- Only about 28% of MMA fights end from a knockout
- There have only been 3 deaths in MMA history, while there have been 129 boxing deaths in the United States alone.
- In just 2009, 55,000 hockey/football players were taken to the emergency room for head injuries.
These are just some of the figures that show the outcomes of the various sports. Now of course, MMA has its fair share of brain injuries as well, and I am not saying that it is an injury-free sport, or anything close to that. But of the three sports talked about here, MMA is by far the safest.
Because MMA fights can be ended by submission as well as TKO, they are less likely to result in a traumatic brain injury.
There is one issue plaguing both Boxing and Football that doesn’t often apply to MMA, and that is repeated concussions in a short period of time. First, let’s talk about what this looks like in Football.
In American Football, two teams face each other, with one trying to advance on the field, and the other trying to prevent that from happening. Players are lined up prior to a play, and often run straight into each other, smashing their heads together.
This may seem like no big deal, especially considering the big helmets they wear. Unfortunately, the helmets are not very useful in the prevention of brain trauma, as the brain is still subject to the forces hitting the helmet. However, even worse than brain trauma received on the field is the process for dealing with it.
Despite the big helmets worn in Football, the brain is still susceptible to blunt trauma.
Often times, players may be suspected of having a concussion, and are taken off the field for medical clearance. However, the procedures here are a lot less strict than those in boxing and MMA, as the player usually returns at their own discretion. According to ESPN reporter Kevin Seifert, there’s no mandatory waiting period before a concussed player can return to action.
In contrast, a boxer or MMA fighter will usually receive a suspension of a few weeks to 6 months.
Additionally, football players may feel the need (or may even be encouraged) to return to play as soon as they can, in order to help the team. Sometimes this means returning to action later on in the same game that they were pulled from for concussion-like symptoms.
The repeated trauma to the brain, especially after having already received a traumatic impact, can lead to chronic diseases such as CTE in the future.
Now let’s talk about boxing vs MMA. On paper, the differences are very obvious: number of rounds, round length, methods of ending a fight, types of attacks allowed, etc. But let’s cover why exactly these factors can make a sport more dangerous.
The most dangerous part of boxing by far, is the count by the referee. This may seem surprising, as the count is supposed to determine if the boxer is in a good enough condition to continue, right? Well, yes. But what exactly does “good enough to continue” even mean?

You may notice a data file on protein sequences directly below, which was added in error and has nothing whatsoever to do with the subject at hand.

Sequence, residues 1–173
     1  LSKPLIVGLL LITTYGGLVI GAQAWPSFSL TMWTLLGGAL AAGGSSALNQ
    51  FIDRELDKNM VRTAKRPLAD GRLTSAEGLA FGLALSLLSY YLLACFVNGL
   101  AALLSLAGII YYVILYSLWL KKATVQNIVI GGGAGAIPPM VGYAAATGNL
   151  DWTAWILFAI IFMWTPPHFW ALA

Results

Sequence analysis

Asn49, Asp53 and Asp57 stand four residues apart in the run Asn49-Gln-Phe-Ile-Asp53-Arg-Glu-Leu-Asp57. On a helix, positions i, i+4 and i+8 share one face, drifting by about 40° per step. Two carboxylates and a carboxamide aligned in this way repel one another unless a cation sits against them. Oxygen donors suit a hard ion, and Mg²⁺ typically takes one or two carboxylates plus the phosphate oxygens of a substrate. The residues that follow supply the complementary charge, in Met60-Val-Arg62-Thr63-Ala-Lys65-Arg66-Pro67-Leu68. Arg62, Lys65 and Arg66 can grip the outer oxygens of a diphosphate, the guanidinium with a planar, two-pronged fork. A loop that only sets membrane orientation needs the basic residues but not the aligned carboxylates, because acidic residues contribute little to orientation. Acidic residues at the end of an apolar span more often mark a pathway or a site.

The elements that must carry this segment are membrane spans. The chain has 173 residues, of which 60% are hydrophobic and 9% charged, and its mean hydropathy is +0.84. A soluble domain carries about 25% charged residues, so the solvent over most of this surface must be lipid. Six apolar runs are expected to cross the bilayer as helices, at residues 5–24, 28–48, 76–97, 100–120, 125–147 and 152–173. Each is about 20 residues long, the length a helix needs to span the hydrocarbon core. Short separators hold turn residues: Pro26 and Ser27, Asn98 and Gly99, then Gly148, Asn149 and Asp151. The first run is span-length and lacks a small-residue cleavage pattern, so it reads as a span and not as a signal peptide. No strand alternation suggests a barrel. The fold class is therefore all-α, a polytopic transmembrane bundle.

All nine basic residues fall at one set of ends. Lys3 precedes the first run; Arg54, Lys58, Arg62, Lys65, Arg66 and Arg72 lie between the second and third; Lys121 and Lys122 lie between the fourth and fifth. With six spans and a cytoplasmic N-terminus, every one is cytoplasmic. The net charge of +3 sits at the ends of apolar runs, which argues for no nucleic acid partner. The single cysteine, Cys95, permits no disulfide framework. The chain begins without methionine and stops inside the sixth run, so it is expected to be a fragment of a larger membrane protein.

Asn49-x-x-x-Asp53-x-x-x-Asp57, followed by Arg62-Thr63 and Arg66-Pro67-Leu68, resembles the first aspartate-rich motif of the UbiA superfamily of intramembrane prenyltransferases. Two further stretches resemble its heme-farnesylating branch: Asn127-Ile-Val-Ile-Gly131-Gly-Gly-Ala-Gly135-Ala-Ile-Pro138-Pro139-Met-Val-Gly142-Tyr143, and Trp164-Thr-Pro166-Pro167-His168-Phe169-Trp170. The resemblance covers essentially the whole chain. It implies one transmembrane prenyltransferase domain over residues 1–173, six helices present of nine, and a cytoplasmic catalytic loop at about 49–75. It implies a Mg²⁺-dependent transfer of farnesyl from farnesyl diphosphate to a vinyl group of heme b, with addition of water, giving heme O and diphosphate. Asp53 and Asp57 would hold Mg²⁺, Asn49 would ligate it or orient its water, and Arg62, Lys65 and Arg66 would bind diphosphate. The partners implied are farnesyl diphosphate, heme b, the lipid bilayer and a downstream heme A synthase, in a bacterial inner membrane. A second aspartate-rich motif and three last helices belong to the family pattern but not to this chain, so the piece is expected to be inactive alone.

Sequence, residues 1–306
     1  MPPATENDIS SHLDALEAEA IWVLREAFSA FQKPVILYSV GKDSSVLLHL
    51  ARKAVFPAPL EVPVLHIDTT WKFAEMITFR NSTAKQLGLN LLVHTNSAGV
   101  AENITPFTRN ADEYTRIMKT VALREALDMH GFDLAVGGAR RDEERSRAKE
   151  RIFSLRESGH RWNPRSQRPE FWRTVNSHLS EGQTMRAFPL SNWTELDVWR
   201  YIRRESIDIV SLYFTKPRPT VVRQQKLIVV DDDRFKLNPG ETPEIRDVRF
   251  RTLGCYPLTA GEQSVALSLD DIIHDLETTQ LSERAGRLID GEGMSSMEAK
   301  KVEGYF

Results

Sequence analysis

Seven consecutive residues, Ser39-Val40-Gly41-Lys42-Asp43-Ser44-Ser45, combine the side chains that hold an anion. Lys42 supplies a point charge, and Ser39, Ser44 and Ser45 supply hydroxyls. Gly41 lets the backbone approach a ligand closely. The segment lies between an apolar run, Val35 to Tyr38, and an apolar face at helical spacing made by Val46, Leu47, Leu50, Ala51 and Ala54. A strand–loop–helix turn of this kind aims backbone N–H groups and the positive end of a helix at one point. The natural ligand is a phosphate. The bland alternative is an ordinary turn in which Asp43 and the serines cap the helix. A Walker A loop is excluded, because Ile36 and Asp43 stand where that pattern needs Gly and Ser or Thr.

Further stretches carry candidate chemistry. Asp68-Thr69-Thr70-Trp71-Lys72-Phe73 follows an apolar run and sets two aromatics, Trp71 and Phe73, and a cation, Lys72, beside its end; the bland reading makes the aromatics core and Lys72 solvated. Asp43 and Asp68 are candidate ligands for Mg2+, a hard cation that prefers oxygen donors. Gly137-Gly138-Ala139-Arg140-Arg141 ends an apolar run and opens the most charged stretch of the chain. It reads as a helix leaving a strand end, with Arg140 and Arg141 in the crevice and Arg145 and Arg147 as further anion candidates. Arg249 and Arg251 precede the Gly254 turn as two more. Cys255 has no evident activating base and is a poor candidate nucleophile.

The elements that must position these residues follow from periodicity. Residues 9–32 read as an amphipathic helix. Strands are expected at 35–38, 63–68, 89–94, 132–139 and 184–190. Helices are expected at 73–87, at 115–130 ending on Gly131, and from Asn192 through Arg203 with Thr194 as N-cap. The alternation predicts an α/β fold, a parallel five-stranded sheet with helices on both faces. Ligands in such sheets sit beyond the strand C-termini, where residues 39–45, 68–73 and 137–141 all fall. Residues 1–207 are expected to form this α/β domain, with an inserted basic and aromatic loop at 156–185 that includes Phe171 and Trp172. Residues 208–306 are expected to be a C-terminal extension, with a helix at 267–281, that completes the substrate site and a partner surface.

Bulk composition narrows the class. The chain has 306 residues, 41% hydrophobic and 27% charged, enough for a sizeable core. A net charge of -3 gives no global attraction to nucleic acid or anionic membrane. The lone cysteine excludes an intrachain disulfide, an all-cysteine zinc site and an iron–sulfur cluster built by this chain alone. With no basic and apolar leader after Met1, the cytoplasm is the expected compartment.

A boxer can be confused and dazed, and yet can still be subjected to the count and allowed to continue fighting.
In many cases, a boxer will be able to stand for the count after a knockdown. However, despite still being shaken and confused, the referee will allow him to continue.
The problem here is that a boxer can potentially be concussed and yet allowed to continue the match! And because boxing matches can go up to twelve rounds, the boxer will likely sustain more brain damage before the end of the match.
The lack of a count in MMA actually benefits the fighters. If a fighter is knocked out cold, then there is almost no possibility of the fighter continuing the match, as the referee waves it off immediately.
Similarly, if a fighter is knocked down and is taking shots without defending themselves, the referee will again wave the fight off. If the fighter who got knocked down was allowed to get up, and given a short amount of time to recover, they would only take more damage, especially since they will likely not fully recover anyway.
Once a fighter is knocked down in MMA, the fight is often stopped shortly after, and declared a TKO.
Add on top of that the fact that MMA fights are much shorter than boxing matches. A championship MMA fight contains 25 minutes of scheduled fight time, while a 12 round boxing match contains 36 minutes. This shortens the amount of time in which fighters can inflict traumatic injury on each other.
Also, the ruleset of the respective sports can make them more dangerous. Boxing strikes are limited to the head and body, and fights can only end by KO or decision.
In contrast, MMA strikes can be landed anywhere except for the groin and the back of the head, and there are many ways a fight can be stopped. Some examples are chokes, liver kicks, leg kicks, and joint locks, none of which involve strikes to the head.
Many MMA matches end in submission, saving both fighters unnecessary head injury.
The shorter scheduled fight time, plus the various methods in which fights can end, make MMA the safer sport.
I hope this post helped you learn about the relative safety of MMA when compared to other sports. Of course, MMA is still a dangerous sport, and injuries are unavoidable.
But this shouldn’t deter you from training MMA if it is something you enjoy. As long as you train smart, and have good training partners, you should be safe. If you enjoyed this post, consider checking out some similar ones on the Training Tips page. Thanks for reading!